Make sure that you use your voice and these vocal cues appropriately for any challenging situation you are managing.
Reach an Effective Outcome
How do individuals discuss their interests and reach an agreement? The secret is understanding as much as possible about the other party’s perspective. In order to do this, follow this four-step process.
Establish a supportive climate. Climate refers to the tone of your conversation. It can be cool, honest, overpowering, etc. A defensive climate is when each party is critical, acts superior, and tries to control one another. A supportive climate is when both parties attempt to enter each other’s world.
- Explore interests. Each party is striving for clarity. If one party appears to be open and trustworthy and the other is not, point that out. You need to do this if both parties are to be as direct and clear as possible about their needs.
- Brainstorm options. Once you have identified the conflicting interests, the discussion enters a problem-solving mode. Creative thinking comes first; judging comes second. Both parties should come up with all possible options and scenarios. The trick is to find an alternative so both parties’ interests can be satisfied in the final agreement.
- Wrap up. When all options are presented, both parties evaluate each one until the best choice becomes clear that can satisfy both needs. [F]
Understand the Other Person
One of Stephen Covey’s principles in Seven Habits of Highly Effective People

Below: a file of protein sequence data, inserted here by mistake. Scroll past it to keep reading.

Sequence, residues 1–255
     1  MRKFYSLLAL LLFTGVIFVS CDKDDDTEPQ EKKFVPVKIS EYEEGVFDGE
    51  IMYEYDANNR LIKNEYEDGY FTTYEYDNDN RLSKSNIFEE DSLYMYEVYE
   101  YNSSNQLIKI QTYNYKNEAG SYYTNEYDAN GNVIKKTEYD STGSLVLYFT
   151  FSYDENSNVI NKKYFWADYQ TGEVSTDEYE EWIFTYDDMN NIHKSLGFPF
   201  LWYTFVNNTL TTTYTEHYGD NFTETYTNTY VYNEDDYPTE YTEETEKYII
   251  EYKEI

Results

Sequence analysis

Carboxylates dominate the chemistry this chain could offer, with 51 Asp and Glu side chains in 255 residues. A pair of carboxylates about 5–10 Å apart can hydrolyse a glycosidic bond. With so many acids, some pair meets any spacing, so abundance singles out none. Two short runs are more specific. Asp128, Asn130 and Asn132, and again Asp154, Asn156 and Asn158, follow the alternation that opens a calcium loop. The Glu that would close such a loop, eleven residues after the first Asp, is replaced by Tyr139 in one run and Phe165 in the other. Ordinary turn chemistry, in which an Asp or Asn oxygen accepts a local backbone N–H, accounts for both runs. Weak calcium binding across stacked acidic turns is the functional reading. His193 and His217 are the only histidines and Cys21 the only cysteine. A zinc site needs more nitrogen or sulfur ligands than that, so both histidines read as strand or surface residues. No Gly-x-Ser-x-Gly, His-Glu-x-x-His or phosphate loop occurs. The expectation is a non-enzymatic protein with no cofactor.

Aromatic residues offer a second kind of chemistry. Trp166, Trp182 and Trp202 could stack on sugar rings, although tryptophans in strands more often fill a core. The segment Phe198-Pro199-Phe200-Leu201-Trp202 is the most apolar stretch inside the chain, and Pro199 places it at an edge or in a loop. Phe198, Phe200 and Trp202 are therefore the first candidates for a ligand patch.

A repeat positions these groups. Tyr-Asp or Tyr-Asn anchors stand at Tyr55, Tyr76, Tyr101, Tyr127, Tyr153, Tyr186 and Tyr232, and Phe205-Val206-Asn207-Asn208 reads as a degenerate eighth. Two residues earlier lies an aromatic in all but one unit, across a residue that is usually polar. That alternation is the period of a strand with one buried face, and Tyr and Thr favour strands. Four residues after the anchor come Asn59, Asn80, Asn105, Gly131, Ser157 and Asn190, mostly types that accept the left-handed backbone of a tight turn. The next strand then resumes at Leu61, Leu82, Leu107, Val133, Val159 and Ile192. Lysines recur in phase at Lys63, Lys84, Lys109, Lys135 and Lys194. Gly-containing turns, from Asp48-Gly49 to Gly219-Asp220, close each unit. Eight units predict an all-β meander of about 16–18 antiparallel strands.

is “Seek first to understand, then be understood.” Even with deeply conflicting issues, if we can look at the other person’s intent, we can sometimes move past the conflict.
Bringing the conflict into perspective is the first step; yet if we do not have a way to communicate our perspective without upsetting the other person then we will be unable to resolve the situation.
So, next time you are dealing with a difficult person—perhaps a client or a neighbor out in the field—go to their world first. Think about why they possibly could be angry or why they will not provide access to their property. If you determine their reasons, you can quickly communicate in a way that will focus on their concerns, build rapport, and ultimately help you achieve your goals.
Lori E. Miller is president of Developing Professionals, a company based in New York that provides training, coaching, and consulting in leadership and professional development.
Jeff Salmon has worked as a survey instrument operator, land-survey business manager, and a land-use consultant as well as a customer working with land surveyors in land development and building projects. He is also is editor of our enewsletter Pangaea.